Wednesday, May 4, 2011

Fully Engaged by John Busacker

“We have a deep desire to live a life of significance and meaning – a life where we're fully engaged and satisfied.” (111)

Busacker wants you to be fully engaged in life. He wants you to do less and be more.
He invites you to ask yourself one question: “What should I do with my life?” (18) If your answer is what you are doing right now, great. You are part of the one percent of people who are fulfilled by what you are doing. You are fully engaged. But if you are in the other 99 percent, this book is for you. “God uses ordinary people like you and me to do astonishing things if, and only if, we are fully engaged.” (24)
His book is divided into three sections: awareness, alignment, and action.
Busacker wants you to be aware of your life worth: “the investment you make into and the return you receive from all life dimensions.” (31) Your life worth reflects your spiritual wealth and engagement. It is a realization that relationships, health, work, hobbies, learning and faith are all related to your life worth. (He has an assessment you can complete.) Busacker has a section of questions for the reader to answer to discover and articulate one's life story. That includes attitude, experience, important lessons, outlook and understanding.
He helps readers understand their values which, in turn, determine choices. Clarity of values empowers one to say “yes” to what matters and “no” to what is unimportant. He provides the process to discover values.
In the second section, Busaker wants the reader to align values to what you are doing with your life. A sense of calling is when you know you are doing with your life exactly what you should be doing. “Calling is the powerful intersection of passion and motivated abilities.” (73) He again provides an exercise to determine the intersection of your passion and your giftedness. He has an exercise to help you identify your life dreams.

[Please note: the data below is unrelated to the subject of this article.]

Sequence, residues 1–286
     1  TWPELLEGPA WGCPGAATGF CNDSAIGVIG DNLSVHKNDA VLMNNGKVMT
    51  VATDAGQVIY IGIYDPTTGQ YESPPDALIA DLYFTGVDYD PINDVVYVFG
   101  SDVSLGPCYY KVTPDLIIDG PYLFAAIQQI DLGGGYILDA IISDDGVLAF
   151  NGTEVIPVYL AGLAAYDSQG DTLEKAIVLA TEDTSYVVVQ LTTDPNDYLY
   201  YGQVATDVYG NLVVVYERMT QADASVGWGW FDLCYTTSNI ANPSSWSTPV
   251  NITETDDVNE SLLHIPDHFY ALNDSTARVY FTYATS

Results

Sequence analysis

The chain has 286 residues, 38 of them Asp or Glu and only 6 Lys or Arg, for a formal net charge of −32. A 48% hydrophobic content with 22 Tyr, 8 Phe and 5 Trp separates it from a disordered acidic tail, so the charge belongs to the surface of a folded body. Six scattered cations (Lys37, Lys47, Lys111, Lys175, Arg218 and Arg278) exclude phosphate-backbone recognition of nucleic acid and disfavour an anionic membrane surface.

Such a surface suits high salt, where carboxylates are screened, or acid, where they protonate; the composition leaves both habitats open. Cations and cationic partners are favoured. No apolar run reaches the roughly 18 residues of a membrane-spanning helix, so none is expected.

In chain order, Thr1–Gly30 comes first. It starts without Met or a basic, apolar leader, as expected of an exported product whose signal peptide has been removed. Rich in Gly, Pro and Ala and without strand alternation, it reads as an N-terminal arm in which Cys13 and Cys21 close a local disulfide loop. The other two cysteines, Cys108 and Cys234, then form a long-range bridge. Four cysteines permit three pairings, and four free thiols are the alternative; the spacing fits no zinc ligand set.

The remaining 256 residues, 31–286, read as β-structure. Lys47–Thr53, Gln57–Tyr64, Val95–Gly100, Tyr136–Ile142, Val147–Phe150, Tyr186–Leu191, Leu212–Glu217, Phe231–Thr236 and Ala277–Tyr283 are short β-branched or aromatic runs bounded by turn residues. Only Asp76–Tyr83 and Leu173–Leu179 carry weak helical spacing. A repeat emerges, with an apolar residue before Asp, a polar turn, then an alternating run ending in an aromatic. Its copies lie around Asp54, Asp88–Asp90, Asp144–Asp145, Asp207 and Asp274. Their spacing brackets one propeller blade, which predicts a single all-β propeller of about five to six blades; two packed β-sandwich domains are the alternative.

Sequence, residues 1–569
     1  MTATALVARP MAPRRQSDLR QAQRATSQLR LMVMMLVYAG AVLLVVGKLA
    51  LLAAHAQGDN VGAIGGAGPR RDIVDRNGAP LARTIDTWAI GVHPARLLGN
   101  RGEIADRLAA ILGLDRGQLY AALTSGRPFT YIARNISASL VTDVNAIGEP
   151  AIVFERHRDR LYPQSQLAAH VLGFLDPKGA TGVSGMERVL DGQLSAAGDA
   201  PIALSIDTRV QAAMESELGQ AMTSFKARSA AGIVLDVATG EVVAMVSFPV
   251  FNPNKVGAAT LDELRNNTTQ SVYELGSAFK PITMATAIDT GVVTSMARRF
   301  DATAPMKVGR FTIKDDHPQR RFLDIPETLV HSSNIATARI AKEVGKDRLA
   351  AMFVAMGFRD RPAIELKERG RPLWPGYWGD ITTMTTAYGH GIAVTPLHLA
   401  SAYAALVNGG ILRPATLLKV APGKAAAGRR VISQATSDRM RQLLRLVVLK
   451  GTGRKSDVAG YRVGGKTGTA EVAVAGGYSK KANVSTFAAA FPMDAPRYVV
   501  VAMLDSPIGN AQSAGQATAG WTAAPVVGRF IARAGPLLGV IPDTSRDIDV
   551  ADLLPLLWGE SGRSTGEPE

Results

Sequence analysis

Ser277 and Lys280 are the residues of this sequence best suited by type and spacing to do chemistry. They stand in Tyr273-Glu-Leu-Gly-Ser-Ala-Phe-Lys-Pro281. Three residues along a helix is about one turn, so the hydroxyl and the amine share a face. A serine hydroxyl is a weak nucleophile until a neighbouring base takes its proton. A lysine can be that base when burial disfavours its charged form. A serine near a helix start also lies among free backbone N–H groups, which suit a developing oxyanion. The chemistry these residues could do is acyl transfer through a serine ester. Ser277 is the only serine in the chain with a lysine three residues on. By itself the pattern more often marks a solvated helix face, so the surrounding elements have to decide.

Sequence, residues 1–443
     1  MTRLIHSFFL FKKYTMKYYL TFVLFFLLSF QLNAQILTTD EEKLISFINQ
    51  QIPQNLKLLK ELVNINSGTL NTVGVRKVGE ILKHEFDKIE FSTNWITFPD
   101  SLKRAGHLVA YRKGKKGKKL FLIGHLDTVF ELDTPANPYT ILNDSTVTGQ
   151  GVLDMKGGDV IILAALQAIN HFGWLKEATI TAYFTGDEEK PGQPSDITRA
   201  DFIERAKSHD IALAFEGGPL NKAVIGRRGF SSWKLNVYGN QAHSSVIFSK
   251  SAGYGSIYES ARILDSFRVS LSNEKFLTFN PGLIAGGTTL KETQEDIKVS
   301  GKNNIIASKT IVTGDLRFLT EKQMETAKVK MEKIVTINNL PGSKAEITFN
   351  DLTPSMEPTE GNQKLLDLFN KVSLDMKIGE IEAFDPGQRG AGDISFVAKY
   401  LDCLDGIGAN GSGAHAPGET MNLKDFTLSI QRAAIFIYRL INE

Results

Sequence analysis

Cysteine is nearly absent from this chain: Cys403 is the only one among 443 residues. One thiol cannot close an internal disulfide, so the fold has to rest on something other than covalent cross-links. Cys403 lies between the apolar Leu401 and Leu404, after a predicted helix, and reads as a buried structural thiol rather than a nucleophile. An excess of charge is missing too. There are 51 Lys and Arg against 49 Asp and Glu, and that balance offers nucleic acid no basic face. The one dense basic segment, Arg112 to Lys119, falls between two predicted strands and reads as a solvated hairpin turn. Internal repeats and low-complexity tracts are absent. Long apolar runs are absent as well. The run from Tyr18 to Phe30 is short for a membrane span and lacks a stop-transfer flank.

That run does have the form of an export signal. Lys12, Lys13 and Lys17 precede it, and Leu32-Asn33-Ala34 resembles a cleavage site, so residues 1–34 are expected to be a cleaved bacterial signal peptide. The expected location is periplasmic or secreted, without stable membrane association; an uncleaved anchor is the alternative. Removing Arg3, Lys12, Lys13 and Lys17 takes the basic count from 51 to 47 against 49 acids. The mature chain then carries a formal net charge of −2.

Busacker is ruthless when it comes to our idolatrous attachment to technology (such as email). He reveals the detriment of excessive business. Again, he has an exercise to help you determine which activities to drop (pace, presence, promise).
“Adversity introduces us to ourselves.” (112) “...[T]he seeds of consistent full engagement are forged in the moments that test us to the depth of our being.” (113) Failure may be a defining moment setting you on the course to full engagement. He provides an exercise to determine your defining moments.
Busacker reminds us that we need to quiet our mind from the distraction of worry. We should start each day with the quiet conversation with ourselves and with God. We need “to seek out God's wisdom and counsel first before we step into the fray.” (124) He encourages us to seek out the wise counsel of others, a support team.
Busacker says we should be generous. We should look at generosity as a natural response to being richly blessed. He helps determine how and where to give generously and provides an exercise.
Busacker encourages us not to wait. Live boldly, “choosing to make good on all the talents and promise you were born with...[it] empowers you to enjoy the satisfaction, success, and excitement that comes with a fully engaged life.” (147)

I received an egalley of this book from The B&B Media Group on behalf of the publishers for the purpose of this review.

Summerside Press, ISBN: 978-1-609361150/Paperback/147 pages/$14.99
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